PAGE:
For easy to occur Q-switching instabilities in mode-locked operation, the design of such a laser is challenging because of the low emission cross section of gain medium . In order to suppress Q-switching mode-locking (QML), the intra-cavity pulse energy needs to surpass the critical pulse energy which can be given by 
The saturation fluence of the gain medium is defined as
Due to the low emission cross-section of Nd:LLF, the resonator cavity needs to be carefully designed to avoid Q-switching instabilities. Generally, higher intra-cavity pulse energies help to prevent QML, which can be obtained by operating at lower repetition rate or higher average output power. Meanwhile, smaller spot size in the gain medium or on the SESAM, and more passes through the gain material per round trip also help to avoid Q-switching instabilities. The intra-cavity pulse energy and peak power need to be well below the damage threshold of the SESAM to prevent the saturable absorber from optical damage. As shown in Fig. 1, a five-mirror W-shape resonator with a total cavity length of 375 cm was employed to reduce the repetition rate and increase the longitudinal mode which is favorable for stable continuous wave mode-locked operation. The lengths of the four cavity arms L1, L2, L3, and L4 were carefully optimized to be 70.5, 93.5, 200, and 11 cm, respectively. Using the ABCD transfer matrix, the estimated mode radii in the gain medium and on the SESAM were 94 and 27 μm, thus the critical intra-cavity pulse energy was 64 nJ calculated by Eq. (1).
The schematic setup for passive mode-locking laser with a SESAM is depicted in Fig. 1. The flat mirror M1 was high-reflection (HR) coated at 1047 nm. M2 and M3 were HR coated at 1047 nm with radii of curvature of 1000 and 200 mm, respectively. A flat mirror with the transmission of T = 4% was employed as output coupler (OC). The cavity parameters were designed in principle to satisfy mode matching with the pump beam and the proper spot size on the SESAM. In order to minimize astigmatism of the laser system, the M2, M3, and OC were arranged as small folded angles as possible. The high-quality a-cut Nd:LLF crystal with Nd-doping concentration of 1 at. % was grown by the Czochralski method, with a dimension of 3 × 3 × 6 mm3. The two faces of the crystal were polished and antireflection (AR)-coated at 792 nm and 1047 nm. The pump source comes from a 30 W fiber-coupled 792-nm laser diode. The fiber core is 200 µm in core diameter with a numerical aperture (NA) of 0.22. The pump beam was focused into the laser crystal by the focusing optics with a beam radius of ~100 µm. The central wavelength of pump source can be slightly adjusted by changing the temperature to match the Nd:LLF absorption peak near 792 nm. To efficiently cool the crystal and avoid thermal fracture, the crystal was wrapped with indium foil and mounted on water-cooled copper heat-sink whose temperature was maintained at 13 °C during the whole experiment process. The host medium was placed near the input mirror and tilted slightly to avoid on-axis reflections which generate a coupled cavity that can narrow the gain bandwidth and hinder the mode locking . The SESAM (BATOP GmbH) was employed to sustain the mode-locking. The pulse temporal behavior was recorded by a digital oscilloscope (1 GHz bandwidth and 20 G samples/s sampling rate, Tektronix DPO7102 Inc., USA) and a fast pin photodiode detector with a rise time of 0.4 ns. A laser power meter (MAX 500AD, Coherent, USA) was used to measure the average output power.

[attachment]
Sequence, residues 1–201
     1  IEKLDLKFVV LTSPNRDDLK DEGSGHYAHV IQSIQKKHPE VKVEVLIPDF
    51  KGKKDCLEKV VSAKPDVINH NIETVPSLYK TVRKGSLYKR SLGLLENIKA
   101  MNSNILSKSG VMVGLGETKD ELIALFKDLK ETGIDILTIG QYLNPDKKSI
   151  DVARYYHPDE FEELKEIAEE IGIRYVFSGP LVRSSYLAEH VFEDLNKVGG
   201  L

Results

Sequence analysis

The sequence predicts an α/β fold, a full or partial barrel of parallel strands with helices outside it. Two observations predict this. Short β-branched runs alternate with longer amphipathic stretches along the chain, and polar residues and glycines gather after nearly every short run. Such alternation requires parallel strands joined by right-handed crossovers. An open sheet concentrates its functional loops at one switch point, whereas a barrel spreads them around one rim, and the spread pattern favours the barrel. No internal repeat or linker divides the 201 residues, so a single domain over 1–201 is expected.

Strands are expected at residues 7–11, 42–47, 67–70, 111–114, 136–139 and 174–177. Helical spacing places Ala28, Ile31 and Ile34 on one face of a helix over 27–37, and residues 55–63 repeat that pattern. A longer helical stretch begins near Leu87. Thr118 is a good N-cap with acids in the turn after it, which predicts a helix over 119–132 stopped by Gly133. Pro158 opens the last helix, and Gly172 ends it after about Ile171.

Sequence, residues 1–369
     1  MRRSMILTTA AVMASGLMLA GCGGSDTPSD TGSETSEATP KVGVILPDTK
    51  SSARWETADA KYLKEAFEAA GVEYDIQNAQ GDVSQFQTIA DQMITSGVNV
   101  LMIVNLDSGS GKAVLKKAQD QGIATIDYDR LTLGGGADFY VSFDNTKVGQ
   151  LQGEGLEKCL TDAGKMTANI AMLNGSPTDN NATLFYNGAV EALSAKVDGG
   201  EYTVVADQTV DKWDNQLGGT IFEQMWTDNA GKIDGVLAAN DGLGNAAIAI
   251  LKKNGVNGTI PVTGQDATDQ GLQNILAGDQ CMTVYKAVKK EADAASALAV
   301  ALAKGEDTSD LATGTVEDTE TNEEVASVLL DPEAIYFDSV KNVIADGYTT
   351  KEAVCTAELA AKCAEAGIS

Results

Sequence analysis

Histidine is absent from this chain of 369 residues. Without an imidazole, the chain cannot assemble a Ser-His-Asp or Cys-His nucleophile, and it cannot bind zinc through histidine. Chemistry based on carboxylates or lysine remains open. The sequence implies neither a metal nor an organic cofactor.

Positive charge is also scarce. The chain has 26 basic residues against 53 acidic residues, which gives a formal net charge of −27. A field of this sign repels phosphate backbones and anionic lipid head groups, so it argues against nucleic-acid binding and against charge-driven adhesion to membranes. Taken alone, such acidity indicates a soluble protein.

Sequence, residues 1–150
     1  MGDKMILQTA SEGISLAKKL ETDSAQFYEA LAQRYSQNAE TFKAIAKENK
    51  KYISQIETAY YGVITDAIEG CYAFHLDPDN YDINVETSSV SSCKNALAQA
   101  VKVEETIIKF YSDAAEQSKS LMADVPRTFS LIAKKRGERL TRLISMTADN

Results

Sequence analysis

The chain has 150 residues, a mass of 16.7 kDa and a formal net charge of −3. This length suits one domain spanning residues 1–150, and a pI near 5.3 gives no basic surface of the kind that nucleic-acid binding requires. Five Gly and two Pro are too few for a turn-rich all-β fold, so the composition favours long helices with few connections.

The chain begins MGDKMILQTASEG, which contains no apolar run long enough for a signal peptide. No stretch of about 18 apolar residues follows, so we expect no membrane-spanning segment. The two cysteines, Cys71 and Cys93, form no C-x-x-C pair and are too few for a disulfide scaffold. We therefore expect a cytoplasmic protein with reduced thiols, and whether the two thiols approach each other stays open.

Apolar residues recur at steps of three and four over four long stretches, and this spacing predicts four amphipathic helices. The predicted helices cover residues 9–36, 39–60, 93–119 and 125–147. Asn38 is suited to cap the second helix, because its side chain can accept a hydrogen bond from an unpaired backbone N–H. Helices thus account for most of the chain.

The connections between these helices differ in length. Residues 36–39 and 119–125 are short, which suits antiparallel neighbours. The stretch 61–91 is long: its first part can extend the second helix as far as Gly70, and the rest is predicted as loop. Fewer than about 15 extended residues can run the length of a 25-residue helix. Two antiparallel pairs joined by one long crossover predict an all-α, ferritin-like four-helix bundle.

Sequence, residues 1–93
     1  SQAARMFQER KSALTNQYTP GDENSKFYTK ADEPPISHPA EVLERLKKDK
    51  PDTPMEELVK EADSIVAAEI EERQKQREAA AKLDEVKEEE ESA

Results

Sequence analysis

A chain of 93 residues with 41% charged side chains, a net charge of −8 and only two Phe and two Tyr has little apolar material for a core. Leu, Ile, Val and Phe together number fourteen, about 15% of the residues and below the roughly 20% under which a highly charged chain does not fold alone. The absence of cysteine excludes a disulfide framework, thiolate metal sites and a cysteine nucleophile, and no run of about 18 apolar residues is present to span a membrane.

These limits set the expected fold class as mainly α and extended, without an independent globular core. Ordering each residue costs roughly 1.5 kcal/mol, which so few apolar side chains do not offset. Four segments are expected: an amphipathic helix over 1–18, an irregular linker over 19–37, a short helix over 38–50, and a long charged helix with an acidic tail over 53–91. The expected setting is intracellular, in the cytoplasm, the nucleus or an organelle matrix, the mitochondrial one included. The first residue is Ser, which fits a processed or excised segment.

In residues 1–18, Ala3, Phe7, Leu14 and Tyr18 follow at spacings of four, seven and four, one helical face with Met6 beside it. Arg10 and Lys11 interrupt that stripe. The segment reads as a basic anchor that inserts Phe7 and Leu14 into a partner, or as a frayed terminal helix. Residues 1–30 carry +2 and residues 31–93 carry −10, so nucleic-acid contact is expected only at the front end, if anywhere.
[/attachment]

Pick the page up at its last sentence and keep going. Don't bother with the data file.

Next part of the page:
Experimental results and discussions
Owing to the negative thermal dependence of refractive index, the estimated focal length of the gain medium  was negative as displayed in the right ordinate of Fig. 2. Using the ABCD matrix and considering the thermal lens effect of the gain medium, we simulated the radii of the TEM00 mode as described in the left ordinate of Fig. 2. With the increase of incident pump power, the TEM00 mode radii in the gain medium and on the SESAM were 100-83 μm and 24–47 μm, respectively. As shown in Fig. 2, the mode radius on the SESAM increases with the increase of the incident pump power, thus could protect the SESAM from damage with high incident pump power.